Bringing Copper Back to the Kitchen
Sara Dahmen was doing a character study for an historical fiction novel she was writing in 2014 when she came to a realization that led her to copper. She was researching the average woman’s experience in the 1800s and realized that regardless of circumstances there was one place that was central to her life--the kitchen.
“No matter where she landed, her life was in the kitchen for a variety of reasons,” Dahmen says.
This realization led her to ponder the context of a 19th century kitchen and the cookware that would have been central to the functioning of it. She delved into what they were made of and where they would have been made, which had Dahmen comparing the answers to a modern day kitchen.
“They were not sent from China or Europe and someone would have made it down the road,” she says. “I realized that a lot of that was gone -- they are no longer made down the road or in the U.S.”
Dahmen was struck by all of the knowledge centered on locally crafted copper cookware that had disappeared. So the novelist set out to do something about it. With a professional life centered on writing at the time, initially her communications and marketing background were driving forces behind her idea to start a kitchen line centered on the principles of the past.
“I knew nothing about retail -- I knew nothing about manufacturing and had no mechanical background,” she says, of her initial intent to have a copper cookware line manufactured in the United States but not be involved in the actual building of the cookware.
Her approach changed when she met a tinsmith located fifteen minutes from her home in Port Washington, Wisconsin. Soon thereafter she started an apprenticeship to learn how to work with tin and copper. It was through this process that she came to a conclusion about the execution of her cookware line.
“I realized I don’t need to pay people to build this. I can build this,” Dahmen says. “It grew so organically.”
However, she soon learned that bringing copper back into the kitchen would come with its share of hurdles.
“Education was the biggest hurdle,” she says. “People had forgotten how to do it.”
Dahmen started networking to get some answers and support to enable her to fulfill her vision.
“It really wasn’t being done in the U.S., short of Brooklyn Copper Cookware,” she says. “Mack Kohler took me under his wing.”
Through this relationship, Dahmen said that Kohler, the founder of Brooklyn Copper Cookware, shared resources over the course of hours spent talking with him on the phone. Despite their cookware looking different from a design standpoint, the common ground they shared was a goal to bring copper cookware back to the kitchen.
Copper became the touchstone of Dahmen’s vision due to the qualities it brings to the cooking experience along with its minimal impact on the planet from the perspective of the throwaway cookware that is predominantly made this day and age.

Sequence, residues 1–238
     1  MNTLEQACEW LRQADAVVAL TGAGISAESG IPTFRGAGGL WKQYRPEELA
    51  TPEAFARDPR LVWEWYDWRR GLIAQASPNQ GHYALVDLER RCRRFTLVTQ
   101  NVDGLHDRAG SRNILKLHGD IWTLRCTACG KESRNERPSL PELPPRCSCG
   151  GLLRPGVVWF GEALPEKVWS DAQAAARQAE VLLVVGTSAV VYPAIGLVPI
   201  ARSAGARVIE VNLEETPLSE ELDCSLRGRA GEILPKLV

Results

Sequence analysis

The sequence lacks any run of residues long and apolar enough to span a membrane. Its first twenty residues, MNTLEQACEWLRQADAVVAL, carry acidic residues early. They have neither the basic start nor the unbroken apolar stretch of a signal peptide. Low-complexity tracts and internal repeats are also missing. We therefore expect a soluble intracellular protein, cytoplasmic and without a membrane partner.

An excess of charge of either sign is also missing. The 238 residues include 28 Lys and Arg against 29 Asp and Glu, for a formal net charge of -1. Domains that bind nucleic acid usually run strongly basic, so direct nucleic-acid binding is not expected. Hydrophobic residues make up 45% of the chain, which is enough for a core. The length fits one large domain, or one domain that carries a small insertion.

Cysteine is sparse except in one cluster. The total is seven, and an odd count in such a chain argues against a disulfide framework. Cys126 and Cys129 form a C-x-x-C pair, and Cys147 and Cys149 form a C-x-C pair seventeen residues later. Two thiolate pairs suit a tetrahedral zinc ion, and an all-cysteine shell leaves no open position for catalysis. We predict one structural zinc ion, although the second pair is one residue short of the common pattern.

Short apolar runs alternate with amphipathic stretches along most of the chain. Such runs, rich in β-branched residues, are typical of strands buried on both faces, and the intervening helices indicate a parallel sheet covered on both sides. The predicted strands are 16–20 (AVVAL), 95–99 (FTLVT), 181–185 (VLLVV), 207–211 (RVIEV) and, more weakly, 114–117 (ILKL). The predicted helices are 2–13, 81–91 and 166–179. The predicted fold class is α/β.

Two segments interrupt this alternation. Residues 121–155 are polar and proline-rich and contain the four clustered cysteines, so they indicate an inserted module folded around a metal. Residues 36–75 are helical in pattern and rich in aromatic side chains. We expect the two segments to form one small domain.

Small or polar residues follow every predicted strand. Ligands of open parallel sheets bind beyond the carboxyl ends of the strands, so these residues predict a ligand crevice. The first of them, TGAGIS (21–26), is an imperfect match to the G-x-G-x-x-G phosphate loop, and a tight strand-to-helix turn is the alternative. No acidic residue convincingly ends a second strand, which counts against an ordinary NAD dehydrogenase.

“It conducts heat 25 times faster than stainless,” she says. “It can never go in a landfill -- it can be retinned forever.”
Copper’s place in history was the driving force behind the creation of her business, House Copper, in 2015.
“Along with pottery, wood, tin and iron, it was part of the historical pioneer American kitchen arsenal,” Dahmen says.
In addition to the handbuilt cookware Dahmen makes, she also offers retinning services and has found that it’s not uncommon for her to receive pots that were made in the late 1700s or 1800s.
“Copper cookware can last multiple generations if taken care of,” she says.
With people spending more time in the kitchen during the pandemic, Dahmen has experienced a huge spike in sales of her pots and retinning services, which, as a mom of three children, has made it challenging for her to keep up with demand given she is a one-woman operation.
She finds that some people contemplate the hefty price tag of copper cookware without considering the long-term benefits and savings.
“You can go and spend $25 on one piece of cookware and you will use it a couple of years and it will fail,” she says. “You will throw it in a landfill and then you will go and buy another one -- you are going to do that a lot for the ten pieces in your kitchen as it fails.
She said that in addition to contributing this waste to a landfill, people spend more money over time than if they had bought one or two pieces of copper that lasts hundreds of years. With so much emphasis and concern in America about where our food comes from, Dahmen would love for people to take the same approach to cookware, but she currently sees a disconnect.
“We care how the chicken is raised, we want cows that are grass fed,” she says. “As an extension of that conversation, ‘what are we cooking in?’ and ‘who made it?’ and ‘where was it made?’”
Dahmen stressed that if you can’t answer those questions, that’s a problem.
“A hundred years ago people could answer those questions,” she says. “I think that transparency is just as important as where you get your food.”